Datadobi used to concentrate on one-off projects like finding files for migration and moving them to a different filer. Finding files has evolved into regular scanning and migration targets include cloud object storage for AI processing.
The company’s StorageMAP technology scans and lists a customer’s entire file and object storage estates, enabling customers to find out what they have in their distributed unstructured data silos. This helps them to manage their data more effectively, moving old data to archives, in the cloud for example, or deleting unwanted data.
We have seen a blurring of the boundaries between file and object storage, with file systems getting S3 wrappers, export capabilities and even object underpinnings, like with Nasuni. Object storage is getting file access layered on top. Conversion between the two formats is not something Datadobi sees in a general way, though.
Even the cloud providers can be seen as downplaying object in favor of file. Datadobi co-founder and chief revenue officer Michael Jack said AWS “is doubling down on replacing datacenter file processing.” It has a large storage team and has been recruiting from the major datacenter file storage suppliers. “If you want to take out large datacenters it has to be file.”
Jack said in a briefing that “NAS to object is not really happening.” He asked whether there is real value in this conversion and said: “What is valuable about object storage apart from cost? We don’t see cost analysis being done in any significant way.”
CTO Carl D’Halluin said an intrinsic value of object storage was scale since it is not burdened with the file:folder directory structure of file storage. At large scale – billions of files – object storage is simpler to access because of this. He said: “We see NAS-to-object copy for further processing. For example, analysis with cloud AI tools.” He expects generative AI to drive this trend higher.
Jack chimed in that copy to the cloud “is not about cost. They need it in the cloud where cloud-native apps can run against it… It’s a workflow thing.” Such apps and tools are typically cloud-native and built to access object storage, not file. Object on flash storage provides the IO speed such apps need. He said a Datadobi AWS partnership is focused on generative AI use cases.
He suggested that a customer could send 100PB or more of file data to cloud object storage for such processing. Datadobi’s customers need to identify which data to send in this situation, and for that they need to know what data they have and where it is. Enter StorageMAP.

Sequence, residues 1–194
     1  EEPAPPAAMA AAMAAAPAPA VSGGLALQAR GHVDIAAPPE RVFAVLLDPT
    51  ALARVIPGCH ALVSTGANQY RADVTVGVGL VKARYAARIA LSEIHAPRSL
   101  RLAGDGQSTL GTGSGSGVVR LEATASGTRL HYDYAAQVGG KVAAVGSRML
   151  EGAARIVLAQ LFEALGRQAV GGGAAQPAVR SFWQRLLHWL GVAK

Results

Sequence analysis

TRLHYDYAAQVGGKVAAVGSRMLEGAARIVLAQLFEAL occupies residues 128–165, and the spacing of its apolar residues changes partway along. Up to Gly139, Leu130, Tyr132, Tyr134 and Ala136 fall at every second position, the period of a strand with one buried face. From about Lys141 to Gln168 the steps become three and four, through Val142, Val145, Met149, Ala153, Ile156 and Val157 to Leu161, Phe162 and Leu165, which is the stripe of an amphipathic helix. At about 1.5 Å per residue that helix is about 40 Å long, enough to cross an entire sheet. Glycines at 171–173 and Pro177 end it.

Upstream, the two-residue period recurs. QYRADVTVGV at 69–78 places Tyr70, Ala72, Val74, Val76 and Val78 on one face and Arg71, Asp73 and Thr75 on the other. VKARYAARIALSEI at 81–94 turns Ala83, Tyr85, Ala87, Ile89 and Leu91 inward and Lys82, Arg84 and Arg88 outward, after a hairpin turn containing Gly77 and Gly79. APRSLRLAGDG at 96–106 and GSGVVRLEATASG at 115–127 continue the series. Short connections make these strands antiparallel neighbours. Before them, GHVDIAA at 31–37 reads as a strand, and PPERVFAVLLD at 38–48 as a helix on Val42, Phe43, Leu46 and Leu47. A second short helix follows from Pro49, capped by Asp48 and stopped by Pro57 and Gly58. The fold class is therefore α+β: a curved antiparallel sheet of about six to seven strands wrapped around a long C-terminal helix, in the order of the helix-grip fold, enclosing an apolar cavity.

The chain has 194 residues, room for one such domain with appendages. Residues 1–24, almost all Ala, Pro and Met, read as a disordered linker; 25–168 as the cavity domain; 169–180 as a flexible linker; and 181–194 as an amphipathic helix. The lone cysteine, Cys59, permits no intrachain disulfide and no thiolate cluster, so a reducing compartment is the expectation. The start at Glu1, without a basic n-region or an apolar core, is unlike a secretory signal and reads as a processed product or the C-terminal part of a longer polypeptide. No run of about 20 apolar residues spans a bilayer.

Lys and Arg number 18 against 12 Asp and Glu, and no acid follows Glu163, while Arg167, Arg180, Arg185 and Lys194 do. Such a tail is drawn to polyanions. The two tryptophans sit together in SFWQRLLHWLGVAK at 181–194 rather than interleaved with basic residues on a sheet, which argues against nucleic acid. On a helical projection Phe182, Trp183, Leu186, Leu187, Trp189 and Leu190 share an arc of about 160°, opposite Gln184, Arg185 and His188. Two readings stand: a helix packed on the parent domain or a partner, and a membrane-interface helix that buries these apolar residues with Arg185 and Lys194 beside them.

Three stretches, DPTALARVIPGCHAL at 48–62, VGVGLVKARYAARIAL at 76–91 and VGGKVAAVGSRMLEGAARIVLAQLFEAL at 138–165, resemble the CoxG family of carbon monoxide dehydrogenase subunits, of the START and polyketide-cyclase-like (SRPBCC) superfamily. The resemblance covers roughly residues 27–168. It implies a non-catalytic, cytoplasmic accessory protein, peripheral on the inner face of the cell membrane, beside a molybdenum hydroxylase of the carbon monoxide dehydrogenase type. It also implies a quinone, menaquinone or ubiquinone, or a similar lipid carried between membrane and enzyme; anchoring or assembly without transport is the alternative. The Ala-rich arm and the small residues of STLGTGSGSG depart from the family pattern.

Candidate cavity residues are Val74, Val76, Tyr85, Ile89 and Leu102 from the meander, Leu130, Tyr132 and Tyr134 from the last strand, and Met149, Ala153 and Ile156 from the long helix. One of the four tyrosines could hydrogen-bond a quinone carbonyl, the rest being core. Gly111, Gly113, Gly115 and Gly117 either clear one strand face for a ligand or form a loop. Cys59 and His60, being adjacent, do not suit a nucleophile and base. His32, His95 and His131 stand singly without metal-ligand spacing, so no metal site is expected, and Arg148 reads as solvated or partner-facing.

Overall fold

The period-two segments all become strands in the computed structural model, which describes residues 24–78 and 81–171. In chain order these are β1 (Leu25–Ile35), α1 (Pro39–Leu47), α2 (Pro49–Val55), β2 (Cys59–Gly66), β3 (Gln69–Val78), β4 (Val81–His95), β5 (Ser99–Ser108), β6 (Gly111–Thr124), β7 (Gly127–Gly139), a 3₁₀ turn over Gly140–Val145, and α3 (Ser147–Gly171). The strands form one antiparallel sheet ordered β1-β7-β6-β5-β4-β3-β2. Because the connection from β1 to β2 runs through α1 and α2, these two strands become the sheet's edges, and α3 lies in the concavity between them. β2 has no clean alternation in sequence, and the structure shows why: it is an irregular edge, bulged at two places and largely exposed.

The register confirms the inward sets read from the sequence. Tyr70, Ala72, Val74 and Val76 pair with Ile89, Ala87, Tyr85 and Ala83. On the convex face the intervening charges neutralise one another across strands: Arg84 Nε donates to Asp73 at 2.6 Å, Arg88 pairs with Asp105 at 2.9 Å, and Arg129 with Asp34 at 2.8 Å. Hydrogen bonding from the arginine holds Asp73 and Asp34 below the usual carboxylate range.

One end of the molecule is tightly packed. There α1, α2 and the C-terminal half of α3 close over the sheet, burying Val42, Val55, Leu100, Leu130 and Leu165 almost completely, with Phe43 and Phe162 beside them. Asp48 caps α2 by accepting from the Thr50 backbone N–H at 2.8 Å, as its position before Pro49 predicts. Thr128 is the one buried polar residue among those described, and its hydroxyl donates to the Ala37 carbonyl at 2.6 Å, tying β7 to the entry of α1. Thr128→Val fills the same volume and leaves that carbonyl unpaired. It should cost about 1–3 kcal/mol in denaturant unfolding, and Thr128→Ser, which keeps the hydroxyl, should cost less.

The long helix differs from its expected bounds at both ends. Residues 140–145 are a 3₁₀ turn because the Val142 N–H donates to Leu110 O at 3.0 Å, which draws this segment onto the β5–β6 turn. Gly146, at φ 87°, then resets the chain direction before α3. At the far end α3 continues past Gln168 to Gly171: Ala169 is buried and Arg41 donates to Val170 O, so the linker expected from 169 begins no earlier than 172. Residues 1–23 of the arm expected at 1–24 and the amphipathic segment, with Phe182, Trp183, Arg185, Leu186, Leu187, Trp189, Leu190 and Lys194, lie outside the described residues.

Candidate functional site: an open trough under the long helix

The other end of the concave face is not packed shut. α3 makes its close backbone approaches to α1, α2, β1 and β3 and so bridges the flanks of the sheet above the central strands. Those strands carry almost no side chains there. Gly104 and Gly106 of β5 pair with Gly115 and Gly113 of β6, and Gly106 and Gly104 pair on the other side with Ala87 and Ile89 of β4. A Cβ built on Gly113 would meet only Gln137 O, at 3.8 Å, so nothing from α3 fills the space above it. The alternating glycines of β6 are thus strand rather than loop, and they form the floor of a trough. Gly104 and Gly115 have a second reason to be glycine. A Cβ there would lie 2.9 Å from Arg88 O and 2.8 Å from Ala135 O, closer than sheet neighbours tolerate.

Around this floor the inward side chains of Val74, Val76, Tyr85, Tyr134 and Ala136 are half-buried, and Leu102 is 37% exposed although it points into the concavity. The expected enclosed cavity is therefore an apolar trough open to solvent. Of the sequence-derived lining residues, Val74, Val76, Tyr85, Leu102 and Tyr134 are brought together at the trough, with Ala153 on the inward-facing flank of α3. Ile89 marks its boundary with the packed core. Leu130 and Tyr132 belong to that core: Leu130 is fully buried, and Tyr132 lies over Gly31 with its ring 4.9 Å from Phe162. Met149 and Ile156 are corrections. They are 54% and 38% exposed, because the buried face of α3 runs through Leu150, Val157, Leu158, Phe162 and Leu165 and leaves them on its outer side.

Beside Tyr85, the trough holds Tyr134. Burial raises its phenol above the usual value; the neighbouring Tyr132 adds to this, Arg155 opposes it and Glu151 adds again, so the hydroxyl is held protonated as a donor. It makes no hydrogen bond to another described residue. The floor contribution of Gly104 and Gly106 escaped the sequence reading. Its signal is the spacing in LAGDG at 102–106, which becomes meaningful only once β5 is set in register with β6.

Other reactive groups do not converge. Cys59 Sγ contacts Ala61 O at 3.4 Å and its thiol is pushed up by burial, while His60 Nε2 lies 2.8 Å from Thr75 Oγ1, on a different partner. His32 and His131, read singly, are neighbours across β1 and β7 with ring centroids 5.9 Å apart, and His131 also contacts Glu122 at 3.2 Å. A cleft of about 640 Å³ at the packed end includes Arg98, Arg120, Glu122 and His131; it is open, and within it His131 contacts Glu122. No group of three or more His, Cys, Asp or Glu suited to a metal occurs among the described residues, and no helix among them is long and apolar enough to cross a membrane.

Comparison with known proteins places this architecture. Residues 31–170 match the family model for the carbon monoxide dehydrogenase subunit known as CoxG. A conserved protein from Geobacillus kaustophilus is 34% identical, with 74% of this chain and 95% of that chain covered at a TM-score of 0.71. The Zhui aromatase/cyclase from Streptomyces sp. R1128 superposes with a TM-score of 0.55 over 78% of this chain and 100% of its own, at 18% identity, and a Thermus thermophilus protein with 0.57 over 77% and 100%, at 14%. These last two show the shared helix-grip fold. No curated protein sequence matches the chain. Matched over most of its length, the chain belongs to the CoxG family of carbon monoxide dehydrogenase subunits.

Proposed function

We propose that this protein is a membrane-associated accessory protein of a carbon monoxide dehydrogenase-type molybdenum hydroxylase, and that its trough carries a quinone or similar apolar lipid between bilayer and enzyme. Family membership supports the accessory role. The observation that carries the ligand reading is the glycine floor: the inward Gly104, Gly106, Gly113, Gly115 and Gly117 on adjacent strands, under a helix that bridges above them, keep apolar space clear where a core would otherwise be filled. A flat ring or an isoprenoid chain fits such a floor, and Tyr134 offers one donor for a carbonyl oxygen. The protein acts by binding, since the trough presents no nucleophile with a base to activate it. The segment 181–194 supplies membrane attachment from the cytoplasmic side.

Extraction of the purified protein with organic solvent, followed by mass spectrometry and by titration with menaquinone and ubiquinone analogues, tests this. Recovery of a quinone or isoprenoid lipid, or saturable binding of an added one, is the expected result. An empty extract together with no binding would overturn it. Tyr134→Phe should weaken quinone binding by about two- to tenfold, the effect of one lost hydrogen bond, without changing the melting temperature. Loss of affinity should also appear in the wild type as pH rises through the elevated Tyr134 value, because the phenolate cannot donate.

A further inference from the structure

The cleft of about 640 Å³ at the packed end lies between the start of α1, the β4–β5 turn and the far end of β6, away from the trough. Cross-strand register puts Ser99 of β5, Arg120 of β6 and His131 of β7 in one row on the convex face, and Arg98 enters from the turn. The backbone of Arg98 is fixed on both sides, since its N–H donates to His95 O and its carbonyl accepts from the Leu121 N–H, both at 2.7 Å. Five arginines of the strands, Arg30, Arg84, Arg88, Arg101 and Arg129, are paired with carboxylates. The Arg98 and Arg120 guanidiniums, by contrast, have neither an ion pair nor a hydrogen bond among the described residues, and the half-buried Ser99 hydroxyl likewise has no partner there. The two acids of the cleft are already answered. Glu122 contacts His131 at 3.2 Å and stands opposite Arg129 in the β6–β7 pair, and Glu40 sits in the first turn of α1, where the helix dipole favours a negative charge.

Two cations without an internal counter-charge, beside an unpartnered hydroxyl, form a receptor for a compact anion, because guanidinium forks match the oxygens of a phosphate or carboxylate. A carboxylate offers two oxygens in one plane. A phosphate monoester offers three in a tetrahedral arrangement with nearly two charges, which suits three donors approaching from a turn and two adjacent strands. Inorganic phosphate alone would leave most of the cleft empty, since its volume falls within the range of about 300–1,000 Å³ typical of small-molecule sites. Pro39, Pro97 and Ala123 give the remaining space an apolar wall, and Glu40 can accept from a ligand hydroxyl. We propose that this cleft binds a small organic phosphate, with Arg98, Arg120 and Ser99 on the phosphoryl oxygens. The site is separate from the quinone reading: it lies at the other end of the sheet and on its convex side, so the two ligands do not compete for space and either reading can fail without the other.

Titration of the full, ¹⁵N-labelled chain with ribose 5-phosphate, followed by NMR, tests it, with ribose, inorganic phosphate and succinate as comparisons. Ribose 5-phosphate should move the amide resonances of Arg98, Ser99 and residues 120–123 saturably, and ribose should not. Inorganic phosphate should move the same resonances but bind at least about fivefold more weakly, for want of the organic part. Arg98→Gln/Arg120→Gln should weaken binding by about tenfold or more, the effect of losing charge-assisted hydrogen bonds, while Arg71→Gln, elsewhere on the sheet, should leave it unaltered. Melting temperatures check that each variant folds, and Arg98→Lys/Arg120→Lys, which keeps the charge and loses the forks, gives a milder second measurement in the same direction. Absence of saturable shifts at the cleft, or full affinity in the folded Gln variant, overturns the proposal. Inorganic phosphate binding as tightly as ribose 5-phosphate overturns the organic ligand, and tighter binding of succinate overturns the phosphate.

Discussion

D’Hailluin said that if you use apps like Varonis to crack open files and detect personally identifiable information (PII), it is resource-intensive and can only run on a small subset of files. You can’t run against 100PB data sets. But StorageMap can, he told us. It doesn’t actually crack open the files, instead it classifies files, such as HR ones, and then this subset can be given to Varonis to crack open.
Due to this broad scanning capability, StorageMAP is becoming a standalone utility, finding data for analysis, replication, PII tracking and analysis, for example. It’s multi-vendor and hybrid cloud capable. “Every customer is multi-vendor and hybrid cloud,” Jack said.
Datadobi licenses StorageMAP on a subscription basis and so earns recurring revenue. Dobi Migrate is pay-per-use, which fits its typical one-off project usage.
In Australia, new regulations mandate that critical data must be secured against ransomware. Backup apps such as Rubrik can backup the data to an immutable vault but they can’t scan the customers unstructured data estate to find the critical data. Jack said this is a job that StorageMAP can do and so works with data protection apps like Rubrik.
He added, alluding to the company’s rivals: “We’ll stay out of the data path because customers don’t want another lock in.”
Jack commented: “Migration has always been about defeating lock-in. We move files from vendor A to vendor B.”